To borrow from Dickens, the past year has been the best of times and the worst of times for educational technology. It is amazing that schools have been able to continue to teach even when closed to in-person instruction, and many families have realized that there is a panoply of online resources for their children that can provide interesting and engaging lessons tailored directly to them.
At the same time, kids (and their parents) are burned out from staring into screens. There is a human connection at the heart of education, and it took months of remote learning for many people to realize that.
As schools head back to normality, an important question arises: How can we take the best of educational technology and use it to improve in-person schooling? I’d like to offer three potential models.
The Prenda Model
Prenda microschools leverage technology to quickly, efficiently, and effectively deliver academic content. This frees up more time for collaborative, project-based work.
A typical day in a Prenda school is divided into three parts: Conquer, Collaborate, and Create. During the Conquer period, students work on Chromebooks through self-paced educational software that delivers core math, reading, and language arts content. For many schools, this lasts around 90 minutes to two hours. For the rest of the day, students are either in their Create module, doing art projects, or their Collaborate module, working on projects related to social studies, science, and other subjects.
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This strikes me as a nice balance between personalized learning and collaborative, project-based work. Rather than solely relying on one modality or the other, Prenda schools do a bit of both, getting the best of computer-based instruction (self-pacing, meeting students where they are, allowing for different students in the same class to be learning at different levels, etc.) and using its efficiency to create space for exciting, fulfilling, engaging, and substantive collaborative work.
The Hybrid Homeschool Model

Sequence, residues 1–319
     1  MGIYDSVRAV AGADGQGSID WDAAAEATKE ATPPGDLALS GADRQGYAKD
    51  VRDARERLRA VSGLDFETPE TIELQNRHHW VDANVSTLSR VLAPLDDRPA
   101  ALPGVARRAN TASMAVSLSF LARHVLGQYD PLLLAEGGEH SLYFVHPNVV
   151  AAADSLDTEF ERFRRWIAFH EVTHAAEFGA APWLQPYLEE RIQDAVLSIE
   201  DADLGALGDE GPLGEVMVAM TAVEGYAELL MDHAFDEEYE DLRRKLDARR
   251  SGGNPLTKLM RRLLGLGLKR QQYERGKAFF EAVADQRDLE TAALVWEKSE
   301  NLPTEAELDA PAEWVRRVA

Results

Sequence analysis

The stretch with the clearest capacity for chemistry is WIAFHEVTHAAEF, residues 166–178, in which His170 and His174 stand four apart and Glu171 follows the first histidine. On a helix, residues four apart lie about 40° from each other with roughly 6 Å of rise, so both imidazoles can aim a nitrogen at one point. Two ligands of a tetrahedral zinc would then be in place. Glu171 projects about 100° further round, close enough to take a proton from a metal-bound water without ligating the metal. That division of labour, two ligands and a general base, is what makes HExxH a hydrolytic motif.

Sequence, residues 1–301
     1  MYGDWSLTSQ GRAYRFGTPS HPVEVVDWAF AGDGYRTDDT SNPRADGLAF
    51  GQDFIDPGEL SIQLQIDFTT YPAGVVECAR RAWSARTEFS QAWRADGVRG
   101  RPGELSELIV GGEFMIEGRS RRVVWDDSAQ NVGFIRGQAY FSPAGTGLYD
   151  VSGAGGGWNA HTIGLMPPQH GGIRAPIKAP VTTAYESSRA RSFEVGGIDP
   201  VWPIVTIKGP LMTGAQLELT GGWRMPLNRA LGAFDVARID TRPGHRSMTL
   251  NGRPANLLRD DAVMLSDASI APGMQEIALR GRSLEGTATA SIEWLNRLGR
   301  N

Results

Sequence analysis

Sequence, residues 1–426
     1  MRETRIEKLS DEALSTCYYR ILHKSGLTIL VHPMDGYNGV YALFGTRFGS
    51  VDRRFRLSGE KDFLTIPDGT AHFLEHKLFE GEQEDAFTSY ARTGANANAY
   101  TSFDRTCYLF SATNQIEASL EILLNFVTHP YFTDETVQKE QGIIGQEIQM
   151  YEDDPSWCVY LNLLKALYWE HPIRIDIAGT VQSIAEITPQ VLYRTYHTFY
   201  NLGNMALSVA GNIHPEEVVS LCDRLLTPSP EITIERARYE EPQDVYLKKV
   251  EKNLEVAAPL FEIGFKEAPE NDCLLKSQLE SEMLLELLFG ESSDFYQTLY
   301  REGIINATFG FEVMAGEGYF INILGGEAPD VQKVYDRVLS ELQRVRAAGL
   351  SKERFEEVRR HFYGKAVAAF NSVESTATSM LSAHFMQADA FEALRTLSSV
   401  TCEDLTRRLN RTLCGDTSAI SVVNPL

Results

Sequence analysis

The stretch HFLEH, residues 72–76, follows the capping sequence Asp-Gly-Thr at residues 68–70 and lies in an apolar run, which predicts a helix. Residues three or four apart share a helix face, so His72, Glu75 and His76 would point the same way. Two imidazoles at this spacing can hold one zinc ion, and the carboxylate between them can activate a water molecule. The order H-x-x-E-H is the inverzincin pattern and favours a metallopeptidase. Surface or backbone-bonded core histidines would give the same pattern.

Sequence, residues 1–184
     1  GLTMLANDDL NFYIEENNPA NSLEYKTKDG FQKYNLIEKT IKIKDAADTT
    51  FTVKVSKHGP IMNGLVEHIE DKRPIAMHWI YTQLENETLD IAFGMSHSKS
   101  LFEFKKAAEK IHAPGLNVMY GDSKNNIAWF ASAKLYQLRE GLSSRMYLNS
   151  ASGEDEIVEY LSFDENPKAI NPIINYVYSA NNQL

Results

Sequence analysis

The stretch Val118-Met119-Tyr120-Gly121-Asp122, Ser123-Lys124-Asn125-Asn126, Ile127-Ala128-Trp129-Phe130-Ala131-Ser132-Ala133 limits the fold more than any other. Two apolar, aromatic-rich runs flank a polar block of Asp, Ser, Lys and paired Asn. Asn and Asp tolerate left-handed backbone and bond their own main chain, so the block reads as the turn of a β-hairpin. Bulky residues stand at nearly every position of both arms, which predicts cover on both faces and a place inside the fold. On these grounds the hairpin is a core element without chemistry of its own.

If the split-day model of Prenda doesn’t work, another potential model would have entire days devoted to one learning modality or another. There are many hybrid homeschools across the country that have students attend in-person classes for two or three days a week and work from home two or three days a week. Now, many of these schools are not having students work through personalized learning programs while at home—they are doing traditional homework—but that doesn’t mean that we can’t take something away from their schedule.
A model like this could have students work 2-3 days per week with personalized learning software and then spend the other 2-3 days in school discussing, doing projects, playing sports, putting on plays, and doing all of the other things that must be done in person. Based on our polling at EdChoice, there appears to be a large appetite for such a school model. There are also serious opportunities for schools to use facilities, faculty, and staff more efficiently. This could drive down the cost of education while at the same time providing a richer, more effective school experience.
The Lumen Verum Model
Last summer, I taught an enrichment class about the American K-12 education system to a group of college students. We had to do the mostly discussion-based class remotely, which was not ideal, but it did allow me to spring a bit of a surprise on them. As a kind of community-building activity, I encouraged them to watch the movie Miss Virginia at the same time one evening and then used it as a jumping off point for the next day’s discussion of school choice. What they didn’t know was that as the discussion started, I admitted Virginia Walden-Ford, Miss Virginia herself, into the video chat. She held court and answered questions for an hour. It killed.
That is why I was so interested to see a new Catholic school in Boston using guest lecturers and instructors via video conference. While class-by-videoconference has lots of ways in which it is inferior, the ability to pipe in genuine experts and fascinating guest speakers is not one of them. Lumen Verum, the school in Boston, is going to limit daily screen time and have a rich set of in-person experiences for students, but the fact that they will be able to bring passionate, knowledgeable international experts to speak on topics will offer students a unique experience.
As my old friend Rick Hess likes to say, technology is a tool. Its job is not to replace educators or carry the entire burden of educating children. Instead, it is something that educators can use to extend their reach, to help students access things that they otherwise might not be able to in the traditional classroom, to customize and personalize the offerings available to students, and to get through things faster than traditional pedagogical methods. Great educators and great schools will use these tools and the time that they free up to make education more human, not less. They have the opportunity to create more time for collaboration and group projects, for the arts and for sports, and for in-depth discussions with knowledgeable people.
It feels like a spring of hope is upon us in K-12 education. Let’s avoid a winter of despair by appreciating lessons we’ve learned this past year and using technology humanely to improve schooling.